By now, we all know we need to put physical distance between ourselves and others to slow the spread of COVID-19. But physical distance doesn’t have to diminish social connectedness. In fact, to mitigate the psychological toll of social isolation, finding ways to connect is more important than ever. With guidance from Dr. Keith Dobson, a clinical psychologist and professor at the University of Calgary, the Mental Health Commission of Canada has prepared the following tips to help combat the effects of social isolation during this unusual time.
- Understand that it’s normal to feel disconnected
If you feel out of touch right now, remember that others in your circle are likely feeling the same. Almost overnight, this new reality of physical distancing has forced us to rethink how we conduct our social lives. As social beings, adapting to the lack of face-to-face connection and physical contact will take time. Don’t be hard on yourself if the search for a new social routine has left you feeling adrift. Take comfort in the knowledge that there are things you can do to address the problem.
- Prioritize technology that mimics face-to-face connection
We know that humans take about 80 per cent of their social cues from body language. The closer you can get to mimicking in-person interaction, the better your communication experience will be. Video conferencing or FaceTime technology are the best substitutes for face-to-face contact, since they include a visual component. The phone is favourable to text messages or email because voice cues makes it easier to detect tone. Phone calls may also be the easiest for elderly relatives, who could be less tech-savvy. But don’t forget texts and email! Any kind of communication is better than none.
- Schedule time to connect and check in with family and friends
Don’t rely on spontaneous calls to connect with friends and family. While unplanned communication works, scheduling your check-in times has particular advantages. Regular communication, for example, is important with people who are less likely to reach out during this period. These include elderly relatives and people living with anxiety, who often have a tendency to withdraw. Don’t make scheduling a burden. Just plan to call that special relative every other morning or hold a large group chat with friends on a Friday night. By planning the times you reach out, you’ll ensure your own need for social connection is met, and no one is left behind. By now, we all know we need to put physical distance between ourselves and others to slow the spread of COVID-19. But physical distance doesn’t have to diminish social connectedness. In fact, to mitigate the psychological toll of social isolation, finding ways to connect is more important than ever. With guidance from Dr. Keith Dobson, a clinical psychologist and professor at the University of Calgary, the Mental Health Commission of Canada has prepared the following tips to help combat the effects of social isolation during this unusual time.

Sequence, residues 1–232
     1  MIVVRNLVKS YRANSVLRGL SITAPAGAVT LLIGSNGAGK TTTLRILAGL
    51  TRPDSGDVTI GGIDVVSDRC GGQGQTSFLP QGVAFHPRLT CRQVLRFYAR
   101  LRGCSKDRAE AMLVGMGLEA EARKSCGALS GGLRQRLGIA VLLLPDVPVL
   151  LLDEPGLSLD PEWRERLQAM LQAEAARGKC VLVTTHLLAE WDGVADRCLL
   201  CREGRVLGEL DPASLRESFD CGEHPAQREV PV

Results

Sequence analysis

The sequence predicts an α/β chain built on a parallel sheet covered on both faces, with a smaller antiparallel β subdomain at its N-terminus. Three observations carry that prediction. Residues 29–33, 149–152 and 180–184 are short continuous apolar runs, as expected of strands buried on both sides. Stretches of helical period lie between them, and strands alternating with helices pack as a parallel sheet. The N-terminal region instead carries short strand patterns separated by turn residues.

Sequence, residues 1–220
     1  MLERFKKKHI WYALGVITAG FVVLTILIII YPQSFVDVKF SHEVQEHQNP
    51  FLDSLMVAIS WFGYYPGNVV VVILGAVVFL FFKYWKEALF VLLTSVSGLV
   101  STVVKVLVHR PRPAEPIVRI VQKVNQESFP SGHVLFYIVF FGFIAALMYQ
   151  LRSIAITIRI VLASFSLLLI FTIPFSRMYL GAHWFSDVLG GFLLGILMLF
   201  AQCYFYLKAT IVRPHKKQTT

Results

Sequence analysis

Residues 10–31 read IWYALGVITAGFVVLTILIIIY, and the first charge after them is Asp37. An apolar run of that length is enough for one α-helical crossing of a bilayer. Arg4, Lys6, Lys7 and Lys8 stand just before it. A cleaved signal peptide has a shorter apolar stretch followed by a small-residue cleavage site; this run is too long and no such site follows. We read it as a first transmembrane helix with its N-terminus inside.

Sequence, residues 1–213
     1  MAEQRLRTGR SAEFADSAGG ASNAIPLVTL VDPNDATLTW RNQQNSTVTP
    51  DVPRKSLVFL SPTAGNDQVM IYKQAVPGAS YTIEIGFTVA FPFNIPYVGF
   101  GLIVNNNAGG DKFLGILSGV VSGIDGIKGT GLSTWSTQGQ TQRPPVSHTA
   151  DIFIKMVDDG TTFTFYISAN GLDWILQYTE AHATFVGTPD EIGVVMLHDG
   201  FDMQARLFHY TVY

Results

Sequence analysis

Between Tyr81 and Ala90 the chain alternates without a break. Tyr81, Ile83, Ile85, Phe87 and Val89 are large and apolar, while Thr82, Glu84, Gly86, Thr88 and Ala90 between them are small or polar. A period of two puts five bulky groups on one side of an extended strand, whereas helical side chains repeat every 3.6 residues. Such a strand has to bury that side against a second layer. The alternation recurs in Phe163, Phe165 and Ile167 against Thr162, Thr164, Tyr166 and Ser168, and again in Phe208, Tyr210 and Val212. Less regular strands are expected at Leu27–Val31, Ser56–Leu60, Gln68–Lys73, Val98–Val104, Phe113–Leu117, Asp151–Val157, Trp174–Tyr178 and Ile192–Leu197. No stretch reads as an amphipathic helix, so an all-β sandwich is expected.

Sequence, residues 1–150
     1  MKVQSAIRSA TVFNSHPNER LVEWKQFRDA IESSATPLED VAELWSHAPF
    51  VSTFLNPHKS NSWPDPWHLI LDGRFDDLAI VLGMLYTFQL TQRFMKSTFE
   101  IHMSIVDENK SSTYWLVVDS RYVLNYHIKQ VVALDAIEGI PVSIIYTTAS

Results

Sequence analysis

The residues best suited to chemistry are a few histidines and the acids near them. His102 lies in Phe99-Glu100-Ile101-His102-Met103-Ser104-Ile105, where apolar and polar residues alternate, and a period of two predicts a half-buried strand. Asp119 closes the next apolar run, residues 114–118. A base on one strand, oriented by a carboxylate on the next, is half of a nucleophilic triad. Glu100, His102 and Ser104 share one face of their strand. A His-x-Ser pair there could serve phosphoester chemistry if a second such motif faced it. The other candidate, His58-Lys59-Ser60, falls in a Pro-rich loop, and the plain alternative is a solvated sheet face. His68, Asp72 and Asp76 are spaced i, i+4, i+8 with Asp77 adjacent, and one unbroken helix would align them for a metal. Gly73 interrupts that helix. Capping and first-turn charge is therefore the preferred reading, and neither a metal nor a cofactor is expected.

- Use technology to re-create group activities
Consider using video-conferencing for your favourite group activities, like a book club or game night. Many online games are already built for group play and offer another way to connect. Word games are especially well-suited for virtual connection. Movie nights can also be made into a group affair by using Netflix Party, a Google Chrome extension that lets people invite friends to watch a movie or show while they talk using group chat. Engaging many people at once may also create a more social atmosphere than one-on-one chats, making it easier to turn away from COVID-19 and onto more enjoyable topics.
- Leave room for humour
Laughter can reduce stress, elevate your mood, and even boost your body’s immune response. While there’s nothing funny about a global pandemic or an economic crisis, finding and sharing bright spots will help keep your wellness intact. Funny movies and comedic kids are still funny, and everyday life is still filled with chances for laughter, even if they’re harder to find. When disturbing statistics and bleak headlines become overwhelming, find amusement where you can and share it with the people around you.
- Make post-physical distancing plans
While no one knows exactly when distancing measures will be lifted, we can be confident that they will. Focusing on a positive future event can lift your mood and provide a welcome distraction. In fact, the anticipation can be more enjoyable than the event itself! Take pleasure in planning social activities you can look forward to, when it’s safe to gather in person. Anything from a quiet dinner with friends to a party or even a vacation will give you something to look forward to and feel more hopeful in the meantime.